Tuesday, July 24, 2012

Another Good Day for Bugs, Part 1

I started today's nature hike with the intention of paying attention to the milkweeds of which there are five species around Oakland Camp in various stages of life from fairly fresh blooms on Spreading Dogbane and Narrow-leaf Milkweed, to recently wilted blooms on Indian Hemp and Showy Milkweed, to seed pods about to burst open on Purple Milkweed.  While inspecting a herd of aphids on the seed pod of a Purple Milkweed, I felt a hard object hit me in the chest.  I thought I had been struck by an AirSoft pellet, but no one was around.  Then I heard the buzzing of a large flying insect at my feet.  It turns out I was "bombed" by an Eyed Elater, Alaus melanops, the largest Click Beetle in these parts.  Lots of fun to play with, I picked it up to show my hiking companion, and it performed its clicks which felt like tiny jolts of electricity running up my fingers.  I then placed it on its back in my palm to show how the click is used to right itself.  It decided to "play possum" and would not click.  It pulled all its legs up tight and played dead for quite a while.  It was very hot out, so I thought the sun would force it to try to escape by clicking itself upright then flying away.  No dice.  So, I turned it right side up.  After a few minutes, it cautiously extended its legs.  I braced my self for a one-handed photo of its take-off, but I wasn't quick enough.  While I was mesmerized, it spread apart its wing covers and extended its soft, membranous wings and took off.  It was probably ten feet away when I clicked the shutter.  No point in showing the photo of my empty palm!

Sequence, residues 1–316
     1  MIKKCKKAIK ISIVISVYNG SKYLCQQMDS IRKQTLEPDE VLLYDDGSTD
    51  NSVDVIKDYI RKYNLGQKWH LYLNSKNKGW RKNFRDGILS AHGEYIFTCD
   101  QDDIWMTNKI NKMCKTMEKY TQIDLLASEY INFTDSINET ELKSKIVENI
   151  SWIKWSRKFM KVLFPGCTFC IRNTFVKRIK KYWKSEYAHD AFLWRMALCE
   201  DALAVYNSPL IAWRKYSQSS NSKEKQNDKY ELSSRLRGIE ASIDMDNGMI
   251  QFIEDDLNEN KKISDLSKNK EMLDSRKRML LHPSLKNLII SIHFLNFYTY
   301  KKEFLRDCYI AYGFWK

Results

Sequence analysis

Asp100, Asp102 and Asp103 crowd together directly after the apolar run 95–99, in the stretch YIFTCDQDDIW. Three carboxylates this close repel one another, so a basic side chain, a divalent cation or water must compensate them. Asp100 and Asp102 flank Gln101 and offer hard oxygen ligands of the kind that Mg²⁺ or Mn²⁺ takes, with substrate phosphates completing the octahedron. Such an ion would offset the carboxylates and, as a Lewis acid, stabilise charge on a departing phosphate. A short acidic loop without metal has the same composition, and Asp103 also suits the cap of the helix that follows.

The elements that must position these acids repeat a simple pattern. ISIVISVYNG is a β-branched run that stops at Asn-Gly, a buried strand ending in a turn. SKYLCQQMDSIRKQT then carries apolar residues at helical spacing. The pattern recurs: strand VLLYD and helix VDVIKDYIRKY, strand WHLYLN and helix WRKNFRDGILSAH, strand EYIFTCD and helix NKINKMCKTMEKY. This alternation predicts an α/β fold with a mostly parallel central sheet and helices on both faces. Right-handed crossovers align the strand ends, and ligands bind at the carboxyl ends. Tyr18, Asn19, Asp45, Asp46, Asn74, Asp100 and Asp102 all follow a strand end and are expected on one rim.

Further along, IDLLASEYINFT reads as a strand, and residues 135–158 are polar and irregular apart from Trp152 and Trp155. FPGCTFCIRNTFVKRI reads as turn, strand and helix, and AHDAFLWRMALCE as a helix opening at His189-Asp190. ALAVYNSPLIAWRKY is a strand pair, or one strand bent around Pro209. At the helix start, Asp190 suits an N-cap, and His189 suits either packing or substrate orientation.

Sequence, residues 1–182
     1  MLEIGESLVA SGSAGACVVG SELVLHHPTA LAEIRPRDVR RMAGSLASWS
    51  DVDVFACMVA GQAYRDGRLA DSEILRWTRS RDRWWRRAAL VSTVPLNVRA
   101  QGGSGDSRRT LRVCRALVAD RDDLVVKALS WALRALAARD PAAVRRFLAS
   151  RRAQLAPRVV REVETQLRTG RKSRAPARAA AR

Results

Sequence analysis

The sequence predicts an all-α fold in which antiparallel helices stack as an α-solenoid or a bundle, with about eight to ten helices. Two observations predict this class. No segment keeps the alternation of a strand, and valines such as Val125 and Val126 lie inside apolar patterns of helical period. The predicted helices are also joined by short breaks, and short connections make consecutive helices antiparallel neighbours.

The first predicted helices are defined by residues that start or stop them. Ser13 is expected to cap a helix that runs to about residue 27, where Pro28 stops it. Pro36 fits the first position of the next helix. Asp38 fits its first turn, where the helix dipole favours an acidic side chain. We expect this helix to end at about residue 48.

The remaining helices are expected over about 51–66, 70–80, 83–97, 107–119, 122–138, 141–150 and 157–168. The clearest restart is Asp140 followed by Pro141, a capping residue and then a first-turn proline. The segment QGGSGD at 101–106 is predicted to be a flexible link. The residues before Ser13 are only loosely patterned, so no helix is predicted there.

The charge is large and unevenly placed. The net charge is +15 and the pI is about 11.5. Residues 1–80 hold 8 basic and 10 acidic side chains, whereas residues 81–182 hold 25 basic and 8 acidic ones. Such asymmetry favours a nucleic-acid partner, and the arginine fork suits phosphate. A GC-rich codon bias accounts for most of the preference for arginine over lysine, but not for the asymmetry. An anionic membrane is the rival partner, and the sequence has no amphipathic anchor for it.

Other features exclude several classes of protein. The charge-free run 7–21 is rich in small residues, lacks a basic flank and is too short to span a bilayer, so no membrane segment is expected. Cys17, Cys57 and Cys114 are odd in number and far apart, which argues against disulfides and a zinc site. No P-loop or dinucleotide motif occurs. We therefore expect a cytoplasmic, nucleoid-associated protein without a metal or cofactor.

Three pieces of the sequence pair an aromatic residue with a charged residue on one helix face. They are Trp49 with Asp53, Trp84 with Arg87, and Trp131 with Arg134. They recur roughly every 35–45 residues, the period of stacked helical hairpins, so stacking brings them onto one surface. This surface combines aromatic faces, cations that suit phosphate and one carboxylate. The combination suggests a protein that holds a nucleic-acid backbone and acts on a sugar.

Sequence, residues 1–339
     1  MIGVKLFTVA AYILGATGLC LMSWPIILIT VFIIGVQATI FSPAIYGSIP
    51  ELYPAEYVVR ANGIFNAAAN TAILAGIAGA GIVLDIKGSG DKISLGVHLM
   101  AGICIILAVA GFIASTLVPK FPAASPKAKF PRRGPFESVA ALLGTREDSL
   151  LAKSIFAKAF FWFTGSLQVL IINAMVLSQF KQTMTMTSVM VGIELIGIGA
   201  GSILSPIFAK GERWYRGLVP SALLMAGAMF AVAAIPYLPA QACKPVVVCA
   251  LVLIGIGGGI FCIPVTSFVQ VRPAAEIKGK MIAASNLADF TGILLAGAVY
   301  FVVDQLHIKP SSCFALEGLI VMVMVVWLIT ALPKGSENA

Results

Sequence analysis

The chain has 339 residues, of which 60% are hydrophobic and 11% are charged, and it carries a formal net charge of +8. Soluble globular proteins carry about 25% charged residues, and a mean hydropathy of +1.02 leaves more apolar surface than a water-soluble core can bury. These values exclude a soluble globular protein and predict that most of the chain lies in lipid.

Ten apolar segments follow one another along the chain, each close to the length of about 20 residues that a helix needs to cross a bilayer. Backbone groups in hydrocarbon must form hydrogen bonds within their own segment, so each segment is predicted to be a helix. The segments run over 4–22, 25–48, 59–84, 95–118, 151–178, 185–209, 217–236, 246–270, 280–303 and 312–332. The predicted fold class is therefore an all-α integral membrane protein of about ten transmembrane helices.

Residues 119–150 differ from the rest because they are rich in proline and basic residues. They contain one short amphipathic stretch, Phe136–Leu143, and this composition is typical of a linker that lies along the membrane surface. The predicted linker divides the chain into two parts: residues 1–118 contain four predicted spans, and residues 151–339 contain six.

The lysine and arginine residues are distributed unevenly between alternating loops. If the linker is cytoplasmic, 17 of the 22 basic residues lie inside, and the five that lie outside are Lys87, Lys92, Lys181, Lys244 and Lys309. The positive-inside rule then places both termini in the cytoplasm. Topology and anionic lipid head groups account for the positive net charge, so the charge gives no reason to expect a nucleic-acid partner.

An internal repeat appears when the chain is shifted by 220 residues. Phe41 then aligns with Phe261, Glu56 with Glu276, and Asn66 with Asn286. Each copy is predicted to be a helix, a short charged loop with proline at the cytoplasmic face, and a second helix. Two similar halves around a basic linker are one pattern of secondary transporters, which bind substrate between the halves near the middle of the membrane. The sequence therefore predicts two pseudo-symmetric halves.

The focus our hike then switched to bugs.  We saw lots of bug drama over the next hour.  Some children in camp found a large Jerusalem Cricket, Stenopelmatus fuscus, which they called a potato bug.  I gently prodded him out of his hole beneath a rock for some photos, then let him crawl back.  We replaced the rock to protect his home, and I'll bet he'll be there tomorrow.
Along the trail was another eye-catching bug, a bright orange Velvet Ant, Dasymutilla aureola, which despite its soft, fuzzy look actually packs a powerful sting.  You see, it's actually a wingless wasp.
There was lots of other interesting bug activity on today's walk.  More photos and stories in my next post.

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